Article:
Oh, yes. In fact, I have read several of my friends’ books and manuscripts and made suggestions about how to organize them. What I did for the first book was–this so sounds crazy–I put all the poems that I had written that I was considering in piles on the floor in my little living room in Milledgeville to see what subjects overlapped. I realized it was all about different kinds of distances. All these things had to do with either emotional, physical, or psychological distance, so that became my theme.
For The Lost Thing, I realized that so many of the poems are about losing, because that’s what happens when you grow older– everything falls away, not just people dying or being sick. Your past evaporates; it just goes. You’re beginning to see that now, I’m sure, at your young age. That’s when I realized that the poem that really says it all—it’s not the best poem in the book– is “The Lost Thing.” It’s about loss. You can tell by the people who did the blurbs that they all got it, and so did Mercer.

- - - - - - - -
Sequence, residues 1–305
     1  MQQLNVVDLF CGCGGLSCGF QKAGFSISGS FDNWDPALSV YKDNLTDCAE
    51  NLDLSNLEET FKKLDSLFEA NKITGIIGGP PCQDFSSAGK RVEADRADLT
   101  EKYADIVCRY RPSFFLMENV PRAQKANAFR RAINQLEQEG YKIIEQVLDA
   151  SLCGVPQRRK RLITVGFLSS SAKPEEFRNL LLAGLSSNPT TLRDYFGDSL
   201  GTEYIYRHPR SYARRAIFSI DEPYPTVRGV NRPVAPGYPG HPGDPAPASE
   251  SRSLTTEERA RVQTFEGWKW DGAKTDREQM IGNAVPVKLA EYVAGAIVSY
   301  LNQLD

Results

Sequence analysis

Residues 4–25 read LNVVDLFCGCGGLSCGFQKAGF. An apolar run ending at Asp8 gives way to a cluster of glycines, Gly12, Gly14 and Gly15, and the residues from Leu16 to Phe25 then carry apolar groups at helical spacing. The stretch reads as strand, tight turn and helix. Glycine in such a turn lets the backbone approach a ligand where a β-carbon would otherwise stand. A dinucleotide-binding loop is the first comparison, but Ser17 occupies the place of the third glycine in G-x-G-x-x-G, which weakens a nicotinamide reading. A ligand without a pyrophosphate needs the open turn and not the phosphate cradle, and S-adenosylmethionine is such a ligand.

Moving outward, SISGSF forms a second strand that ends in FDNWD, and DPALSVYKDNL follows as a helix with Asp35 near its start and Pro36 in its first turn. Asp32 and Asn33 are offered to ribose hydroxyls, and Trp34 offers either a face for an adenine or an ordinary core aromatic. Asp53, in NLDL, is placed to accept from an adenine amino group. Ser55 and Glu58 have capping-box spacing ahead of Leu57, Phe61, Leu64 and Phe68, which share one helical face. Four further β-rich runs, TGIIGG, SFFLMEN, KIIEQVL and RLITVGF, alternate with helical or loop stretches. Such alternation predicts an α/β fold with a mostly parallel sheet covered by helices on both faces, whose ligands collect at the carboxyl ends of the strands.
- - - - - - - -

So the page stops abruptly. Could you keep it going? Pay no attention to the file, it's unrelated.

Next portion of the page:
So that’s how you have to do that. You can’t just assemble 50 or 60 pages of poems. There has to be something that even lightly connects them all. Of course, everything’s about living and dying; there are no new themes under the sun. It’s just another way of doing it, saying it.
Can you talk about your relationship with the past? How do you resist the urge to revise it or shape it to make a better story? Moreover, you avoid the trappings of sentimentality. It’s easy to fall into nostalgia, but your poems are not sentimental.